I’ve decided to run this as a video series, similar to my speed reading one. Why? Because it’s easier for me and you. But for those who don’t like watching videos, I’ve also included a standard text/image post explaining how things are done.
Disclaimer: Asana is completely free and I make no money off it by publishing this video/post. The only affiliate link in this post is the link to David Allen’s Getting Things Done, which I earn a small commission from.
If you want to listen to music while learning how to use Asana with GTD – then just read the post.
One of the best things about Asana is its lightning fast sign-up process. If you’re like me and you hate long sign-up forms, then you’ll love Asana.
When you visit the homepage you’ll be presented with a nice captivating image, but the only important part is where you enter your email.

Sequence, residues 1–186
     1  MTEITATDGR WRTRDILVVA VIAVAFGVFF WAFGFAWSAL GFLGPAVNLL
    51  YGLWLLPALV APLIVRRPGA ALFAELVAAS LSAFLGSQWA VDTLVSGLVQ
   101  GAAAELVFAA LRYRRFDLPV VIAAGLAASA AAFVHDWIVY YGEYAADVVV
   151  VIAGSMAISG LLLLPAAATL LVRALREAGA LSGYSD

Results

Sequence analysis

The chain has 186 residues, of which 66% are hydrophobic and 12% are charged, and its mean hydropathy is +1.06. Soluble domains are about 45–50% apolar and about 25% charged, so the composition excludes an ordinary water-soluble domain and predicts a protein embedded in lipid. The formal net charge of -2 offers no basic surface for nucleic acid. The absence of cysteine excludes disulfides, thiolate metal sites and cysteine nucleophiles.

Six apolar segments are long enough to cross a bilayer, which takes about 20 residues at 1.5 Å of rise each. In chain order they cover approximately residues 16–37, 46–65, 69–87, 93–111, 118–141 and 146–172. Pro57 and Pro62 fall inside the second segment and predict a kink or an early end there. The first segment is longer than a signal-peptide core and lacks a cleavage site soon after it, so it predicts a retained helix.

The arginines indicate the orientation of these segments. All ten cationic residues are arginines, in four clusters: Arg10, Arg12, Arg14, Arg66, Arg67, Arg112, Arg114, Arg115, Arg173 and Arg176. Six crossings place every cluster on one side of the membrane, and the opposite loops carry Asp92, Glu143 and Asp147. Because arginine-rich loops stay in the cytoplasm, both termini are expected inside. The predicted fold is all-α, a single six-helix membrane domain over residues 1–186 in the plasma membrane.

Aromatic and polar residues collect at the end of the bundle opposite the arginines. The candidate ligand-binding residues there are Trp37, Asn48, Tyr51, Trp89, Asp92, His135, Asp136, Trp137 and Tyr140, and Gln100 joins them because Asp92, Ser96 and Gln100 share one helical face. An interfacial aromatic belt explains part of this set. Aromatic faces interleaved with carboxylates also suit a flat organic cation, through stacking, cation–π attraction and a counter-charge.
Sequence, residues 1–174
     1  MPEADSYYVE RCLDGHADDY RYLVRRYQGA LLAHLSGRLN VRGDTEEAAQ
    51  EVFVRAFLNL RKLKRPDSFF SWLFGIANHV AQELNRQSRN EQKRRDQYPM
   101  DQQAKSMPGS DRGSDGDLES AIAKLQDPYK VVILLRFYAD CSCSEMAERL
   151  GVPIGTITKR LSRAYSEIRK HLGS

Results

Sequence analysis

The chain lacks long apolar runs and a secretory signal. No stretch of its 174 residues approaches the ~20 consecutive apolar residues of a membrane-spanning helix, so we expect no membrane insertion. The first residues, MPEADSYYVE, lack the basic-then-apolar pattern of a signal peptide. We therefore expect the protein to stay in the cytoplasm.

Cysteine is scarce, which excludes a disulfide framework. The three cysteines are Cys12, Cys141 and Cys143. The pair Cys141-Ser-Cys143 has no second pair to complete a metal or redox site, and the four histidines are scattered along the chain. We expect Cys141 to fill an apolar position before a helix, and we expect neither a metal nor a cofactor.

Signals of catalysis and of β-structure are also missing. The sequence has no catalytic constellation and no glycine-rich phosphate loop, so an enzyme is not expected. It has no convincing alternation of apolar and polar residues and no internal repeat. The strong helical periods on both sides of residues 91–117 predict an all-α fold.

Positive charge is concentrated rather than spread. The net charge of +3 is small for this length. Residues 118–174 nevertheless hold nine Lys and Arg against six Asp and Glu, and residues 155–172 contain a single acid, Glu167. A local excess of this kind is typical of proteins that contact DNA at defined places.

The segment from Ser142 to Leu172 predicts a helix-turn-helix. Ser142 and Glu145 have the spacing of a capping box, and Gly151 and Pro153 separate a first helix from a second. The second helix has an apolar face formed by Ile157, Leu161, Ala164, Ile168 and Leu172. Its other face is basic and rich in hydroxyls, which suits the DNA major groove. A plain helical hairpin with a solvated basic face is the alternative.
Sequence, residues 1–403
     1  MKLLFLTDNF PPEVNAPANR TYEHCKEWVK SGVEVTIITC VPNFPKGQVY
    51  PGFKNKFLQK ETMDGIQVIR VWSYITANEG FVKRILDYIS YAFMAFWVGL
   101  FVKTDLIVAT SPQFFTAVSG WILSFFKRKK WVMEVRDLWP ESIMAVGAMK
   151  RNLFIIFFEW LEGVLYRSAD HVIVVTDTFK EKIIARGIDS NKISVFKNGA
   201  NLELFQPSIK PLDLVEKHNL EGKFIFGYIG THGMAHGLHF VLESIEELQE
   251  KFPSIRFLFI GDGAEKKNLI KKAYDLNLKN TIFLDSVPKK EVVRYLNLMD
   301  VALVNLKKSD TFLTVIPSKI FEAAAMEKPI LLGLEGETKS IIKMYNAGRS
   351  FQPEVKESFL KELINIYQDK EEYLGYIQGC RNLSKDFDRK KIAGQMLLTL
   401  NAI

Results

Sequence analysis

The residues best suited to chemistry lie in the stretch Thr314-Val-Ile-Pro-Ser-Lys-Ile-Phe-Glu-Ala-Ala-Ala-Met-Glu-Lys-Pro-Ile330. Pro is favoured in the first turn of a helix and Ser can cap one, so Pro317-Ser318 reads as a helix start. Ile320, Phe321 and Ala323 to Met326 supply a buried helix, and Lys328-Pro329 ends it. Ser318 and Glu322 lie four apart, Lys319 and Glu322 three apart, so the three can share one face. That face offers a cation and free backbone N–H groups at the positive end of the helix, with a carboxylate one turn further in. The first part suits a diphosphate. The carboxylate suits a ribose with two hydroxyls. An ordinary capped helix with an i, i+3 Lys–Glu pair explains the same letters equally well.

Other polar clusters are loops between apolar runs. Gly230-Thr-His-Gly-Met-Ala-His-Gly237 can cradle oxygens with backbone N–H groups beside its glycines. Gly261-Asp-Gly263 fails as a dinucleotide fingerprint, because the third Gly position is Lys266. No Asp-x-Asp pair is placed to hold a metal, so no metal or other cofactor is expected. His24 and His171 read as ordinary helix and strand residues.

After clicking the confirmation link in the email you’ll be directed to a page asking for your name and password. You can also add a photo if you’d like (as said in the video – this is more important if you’re using Asana as part of a team).
The next page will give you the option to add team members. At the moment we’re just using Asana for self-management and don’t need to worry about this.
Finally you’ll be asked to name your workspace. Go ahead and name it anything you like (I named mine “ME”)
First Impressions and My Tasks
After completing the sign-up process you’ll be presented with the Asana interface. Of course, it’ll be empty, deserted… cue tumbleweed
The section you’re looking at in the middle of the screen is called My Tasks, and it’s the thing you’ll want to keep an eye on the most when using Asana to improve time management.
As you can see in the image above, there’s 4 different sections: New Tasks, Today, Upcoming, and Later.
These all pay respect to the GTD methodology, and if you’ve used Evernote in the past then you’ll find this type of organization familiar.